by Jia-Jheng Yeh
Space industry has become the focus of development for many countries, which put into all resources into the game. The following is an introduction of the development of space industry in Taiwan
Uncle Rocket- Jong-Shinn Wu
Prof. Jong-Shinn Wu, also known as “Uncle Rocket”, is the director at Advanced Rocket Research Center (ARRC) at National Chiao Tung University. In 2010, Wu tested the first large hybrid sounding rocket in Taiwan as a trial launch, followed by another 28 tests completed with his team. Wu also gives speeches throughout Taiwan, advocating the development of space launch industry in Taiwan.
In 2015, Wu launched a crowdfunding campaign, with the aim of keeping the operation of ARRC and launching hybrid rockets to an altitude of 100 kilometers. A total of over NT$12 million was raised in two years; five years later, Wu initiated a second campaign, and his goal was to launch a trial satellite carrier, which is a rocket that is capable of carrying satellites into space in future missions with further development and improvement.
The ARRC team is currently working on the suspension system and its control of a rocket. It is expected to be completed this July and the operators should be able to control a launched rocket with stability. As long as it succeeds, Taiwan has the opportunity to launch its own carrier rockets in the near future.
Tensor Tech- Taiwan’s First Satellite System Company
For microsatellites in commercial use, space utilization and weight reduction are essential. Tensor Tech, established in 2019 by four young entrepreneurs aging below 21 in average, is the first satellite system company in Taiwan. The young founders participated in the Talent Cultivation Project for Science in their first year of high school and conducted research in the laboratory at the Department of Electrical Engineering of National Cheng Kung University (NCKU). At that time, there was a project co-hosted by NCKU and National Space Organization (NSPO) where the team was working on a single-axis motor. The four students saw an animation featuring a car in spherical shape like a tire that could go in all directions with 360-degree rotation. That gave them an amazing idea for developing spherical motors, and they have been working on the research and development of the motor since 2016.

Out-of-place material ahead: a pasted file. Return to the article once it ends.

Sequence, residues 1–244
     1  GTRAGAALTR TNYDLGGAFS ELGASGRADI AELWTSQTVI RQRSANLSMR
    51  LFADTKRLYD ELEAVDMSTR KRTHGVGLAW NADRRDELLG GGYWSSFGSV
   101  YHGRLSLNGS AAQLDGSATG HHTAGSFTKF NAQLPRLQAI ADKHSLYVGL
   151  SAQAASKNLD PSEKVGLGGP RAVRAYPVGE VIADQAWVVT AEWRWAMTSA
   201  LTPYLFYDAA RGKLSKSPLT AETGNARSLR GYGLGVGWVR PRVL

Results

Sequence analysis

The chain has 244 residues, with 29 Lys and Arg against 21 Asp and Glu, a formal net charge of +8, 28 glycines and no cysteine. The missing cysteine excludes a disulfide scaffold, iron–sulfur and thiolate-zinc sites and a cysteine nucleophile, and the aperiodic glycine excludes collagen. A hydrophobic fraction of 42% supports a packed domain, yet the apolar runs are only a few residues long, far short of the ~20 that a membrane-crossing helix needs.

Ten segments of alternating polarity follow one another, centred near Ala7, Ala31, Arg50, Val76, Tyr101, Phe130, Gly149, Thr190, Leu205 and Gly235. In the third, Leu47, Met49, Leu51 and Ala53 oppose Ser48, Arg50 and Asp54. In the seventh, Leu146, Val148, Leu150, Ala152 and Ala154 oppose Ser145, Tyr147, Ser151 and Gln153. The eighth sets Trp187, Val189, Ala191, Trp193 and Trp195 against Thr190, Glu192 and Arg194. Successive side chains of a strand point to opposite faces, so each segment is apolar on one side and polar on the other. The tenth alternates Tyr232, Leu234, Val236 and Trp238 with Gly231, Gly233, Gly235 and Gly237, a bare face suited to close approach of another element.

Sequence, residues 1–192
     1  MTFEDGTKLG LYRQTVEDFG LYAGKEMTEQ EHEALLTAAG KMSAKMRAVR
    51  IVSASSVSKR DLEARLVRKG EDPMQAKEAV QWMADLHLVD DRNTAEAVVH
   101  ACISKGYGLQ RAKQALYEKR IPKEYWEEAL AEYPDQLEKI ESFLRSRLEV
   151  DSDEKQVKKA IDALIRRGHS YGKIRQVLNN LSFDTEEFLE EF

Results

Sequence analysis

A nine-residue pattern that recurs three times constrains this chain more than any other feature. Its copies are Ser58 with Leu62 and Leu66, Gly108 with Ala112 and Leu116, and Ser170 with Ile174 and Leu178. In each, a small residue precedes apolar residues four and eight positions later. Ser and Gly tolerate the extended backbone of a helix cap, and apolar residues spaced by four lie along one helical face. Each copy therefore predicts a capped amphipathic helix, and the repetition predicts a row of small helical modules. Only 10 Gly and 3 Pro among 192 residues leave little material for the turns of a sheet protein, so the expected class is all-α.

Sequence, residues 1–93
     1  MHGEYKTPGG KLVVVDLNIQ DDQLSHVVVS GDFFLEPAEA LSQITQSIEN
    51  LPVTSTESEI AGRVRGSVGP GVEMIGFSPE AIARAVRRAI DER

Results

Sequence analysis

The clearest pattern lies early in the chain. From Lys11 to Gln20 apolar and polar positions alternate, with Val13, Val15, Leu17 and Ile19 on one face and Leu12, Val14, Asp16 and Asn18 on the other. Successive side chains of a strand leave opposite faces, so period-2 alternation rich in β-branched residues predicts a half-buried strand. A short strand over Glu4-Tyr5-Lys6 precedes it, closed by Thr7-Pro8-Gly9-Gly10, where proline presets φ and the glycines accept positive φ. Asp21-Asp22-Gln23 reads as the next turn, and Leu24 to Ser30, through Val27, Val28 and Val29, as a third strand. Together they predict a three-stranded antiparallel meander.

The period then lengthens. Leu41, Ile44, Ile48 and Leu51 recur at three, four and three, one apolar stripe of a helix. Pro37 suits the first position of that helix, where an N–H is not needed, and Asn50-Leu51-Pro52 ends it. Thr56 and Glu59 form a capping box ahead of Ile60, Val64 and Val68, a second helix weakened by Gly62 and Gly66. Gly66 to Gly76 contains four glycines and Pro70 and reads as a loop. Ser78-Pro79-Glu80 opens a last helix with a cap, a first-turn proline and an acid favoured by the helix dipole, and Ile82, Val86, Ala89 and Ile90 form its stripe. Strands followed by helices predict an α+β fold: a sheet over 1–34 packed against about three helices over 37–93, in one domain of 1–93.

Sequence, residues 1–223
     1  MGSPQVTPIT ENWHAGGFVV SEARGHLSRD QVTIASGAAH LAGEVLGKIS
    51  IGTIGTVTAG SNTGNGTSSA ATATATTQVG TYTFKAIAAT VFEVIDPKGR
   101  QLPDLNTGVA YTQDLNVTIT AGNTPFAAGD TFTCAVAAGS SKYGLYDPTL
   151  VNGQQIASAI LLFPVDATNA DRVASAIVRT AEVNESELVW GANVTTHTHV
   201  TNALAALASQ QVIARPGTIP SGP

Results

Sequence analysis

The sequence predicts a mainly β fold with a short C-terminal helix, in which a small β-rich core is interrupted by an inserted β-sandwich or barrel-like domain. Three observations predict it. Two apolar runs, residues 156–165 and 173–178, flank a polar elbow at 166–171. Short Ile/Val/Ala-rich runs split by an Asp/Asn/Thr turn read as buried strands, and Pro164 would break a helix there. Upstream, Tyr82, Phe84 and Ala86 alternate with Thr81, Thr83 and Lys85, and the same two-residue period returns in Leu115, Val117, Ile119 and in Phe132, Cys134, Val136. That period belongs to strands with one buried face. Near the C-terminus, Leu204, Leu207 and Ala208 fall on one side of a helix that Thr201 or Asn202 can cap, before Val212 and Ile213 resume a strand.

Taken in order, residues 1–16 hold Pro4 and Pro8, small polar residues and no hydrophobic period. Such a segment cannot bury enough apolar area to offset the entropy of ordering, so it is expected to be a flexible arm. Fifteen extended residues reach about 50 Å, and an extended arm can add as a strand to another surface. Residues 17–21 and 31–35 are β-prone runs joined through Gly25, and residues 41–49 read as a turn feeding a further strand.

They developed a spherical motor that can reduce the weight by two-thirds and power consumption of those with the motor currently used on a satellite. In the past, one satellite requires three motors for operation, while their spherical motor can rotate on three axes at the same time, which makes it possible to adjust the satellite angle during missions. With this design, one satellite only requires one motor. It is expected that in June, the spherical motor will be launched, along with designs by another 2 partners, SpaceX and SatRevolution, a Polish satellite company, for another space test.
Products in the space industry are relatively lesser-known to the public, but Taiwan, when it is capable of launching its self-made rocket into the sky, still has a chance to show its capabilities in research and development as well as in system integration, when it comes to cutting-edge technology. It can also encourage more people to dare to dream big.